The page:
“To have five control points in a mile is the equivalent of having five traffic lights in a city block,” Breen said. Train and engine crews, he said, referred to the area as the “Bermuda Triangle” because of its array of signals and track crossovers that connect adjacent lines.

NS crews realigned track to eliminate curves, installed about 30 new switches, and ripped out and replaced an approximately half-century old communications and signals system.

 One big achievement: All that work occurred without delaying trains.

“The key was planning and coordination,” said Ron Patton, division engineer on the Virginia Division. “It was well planned out, we went according to plan, and there was excellent coordination between transportation and engineering, which included design and construction, maintenance-of-way and structures, and communications and signals.”

In particular, Patton credited the efforts of Breen, David Taylor, assistant division engineer track, Tony Grim, chief engineer C&S, and Randy Cravens, superintendent construction C&S.

Engineering’s innovative approach to minimize train delays involved splitting the work into 12 separate phases. In each phase, closures affected small sections of track, allowing traffic to keep flowing on adjacent tracks.

“That probably was the biggest achievement of this project,” Breen said.

C&S forces did much of their work in advance, including installing signal cables underground. “When engineering went in and located new turnouts, it was basically plug and play,” Patton said. “We had very few issues, and that was huge.”

Burying the signal cables, where they are better protected, was a major accomplishment, Grim said.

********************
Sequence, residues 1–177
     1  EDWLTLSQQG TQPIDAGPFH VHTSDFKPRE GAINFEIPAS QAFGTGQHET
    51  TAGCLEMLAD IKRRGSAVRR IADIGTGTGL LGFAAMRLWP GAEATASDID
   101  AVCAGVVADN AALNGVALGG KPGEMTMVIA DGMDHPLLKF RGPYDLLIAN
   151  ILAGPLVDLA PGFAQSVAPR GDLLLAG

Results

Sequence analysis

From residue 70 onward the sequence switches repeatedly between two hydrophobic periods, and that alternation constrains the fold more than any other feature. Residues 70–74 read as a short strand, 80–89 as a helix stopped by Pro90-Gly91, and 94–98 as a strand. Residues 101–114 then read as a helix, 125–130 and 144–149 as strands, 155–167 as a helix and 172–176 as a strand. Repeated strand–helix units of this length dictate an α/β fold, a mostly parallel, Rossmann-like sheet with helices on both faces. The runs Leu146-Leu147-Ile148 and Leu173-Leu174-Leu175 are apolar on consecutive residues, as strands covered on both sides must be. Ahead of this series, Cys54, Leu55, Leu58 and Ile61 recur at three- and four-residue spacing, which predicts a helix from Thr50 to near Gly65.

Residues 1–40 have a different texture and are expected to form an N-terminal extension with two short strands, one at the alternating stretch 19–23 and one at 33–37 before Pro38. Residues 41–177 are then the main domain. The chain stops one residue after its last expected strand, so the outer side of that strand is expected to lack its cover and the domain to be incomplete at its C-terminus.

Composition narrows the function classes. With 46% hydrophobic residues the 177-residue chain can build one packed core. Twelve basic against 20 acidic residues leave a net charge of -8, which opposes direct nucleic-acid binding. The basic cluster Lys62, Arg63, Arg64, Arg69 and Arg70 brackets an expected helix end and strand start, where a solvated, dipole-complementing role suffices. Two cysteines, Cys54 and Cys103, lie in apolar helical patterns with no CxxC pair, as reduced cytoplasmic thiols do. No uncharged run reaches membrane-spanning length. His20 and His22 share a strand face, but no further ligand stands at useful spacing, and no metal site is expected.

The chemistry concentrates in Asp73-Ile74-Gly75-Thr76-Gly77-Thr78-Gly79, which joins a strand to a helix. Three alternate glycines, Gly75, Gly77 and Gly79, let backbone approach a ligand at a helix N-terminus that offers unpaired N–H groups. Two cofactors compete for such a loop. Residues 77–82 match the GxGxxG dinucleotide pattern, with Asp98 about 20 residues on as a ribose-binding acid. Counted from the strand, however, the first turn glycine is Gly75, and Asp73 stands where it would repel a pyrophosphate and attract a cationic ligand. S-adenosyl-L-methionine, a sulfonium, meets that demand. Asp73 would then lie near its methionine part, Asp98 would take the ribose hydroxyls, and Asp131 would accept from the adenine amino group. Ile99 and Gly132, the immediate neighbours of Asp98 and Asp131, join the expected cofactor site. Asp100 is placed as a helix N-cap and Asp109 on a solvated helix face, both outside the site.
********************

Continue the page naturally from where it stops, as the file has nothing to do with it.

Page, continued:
“There was every kind of waterline, old culverts, concrete, and all kinds of stuff in the ground,” he said.

Brian Putman, principal design engineer and lead designer on the Randolph Street project, said part of the project involved documenting things found buried, including old pipes and pumps that once supplied steam heat to former N&W offices and an underground stairwell and tunnel that served a former downtown passenger rail station. “We were part historian and part engineer,” Putman said.

“We started this project with probably a century-old track alignment, and what we’ve done likely will remain for the next 100 years,” he added. “With the Heartland and Crescent corridors coming together there, we wanted to make sure we got it right.”

Public benefits

In a plus, Virginia partnered with NS on the project, covering about 60 percent of the improvement costs with money from the state’s Rail Enhancement Fund. The fund, overseen by the Virginia Department of Rail and Public Transportation, has helped NS finance projects on the Heartland and Crescent corridors as part of Virginia’s efforts to increase the efficiency and capacity of passenger and freight rail.

The public-private partnership has been a win-win since the enhancement fund’s creation in 2005, said Marc Hoecker, director strategic planning.

“It has allowed us to accelerate improvements on railroad projects that benefit our network while at the same time generating public benefits for Virginia,” Hoecker said.

 Public benefits include economic development, job creation, and reducing highway congestion caused by long-haul trucks.

NS designed the Randolph Street project to accommodate Virginia’s interest in returning Amtrak passenger rail service to downtown Roanoke. In January, NS and Virginia announced a separate agreement on a rail infrastructure improvement project between Roanoke and Lynchburg, Va., to do just that.

The Randolph Street project can serve as a model for future rail construction projects across NS’ system, said Breen. 

“The Randolph Street project,” he said, “was a shining example of what we can accomplish if we all share a common goal and work with each other to accomplish it.”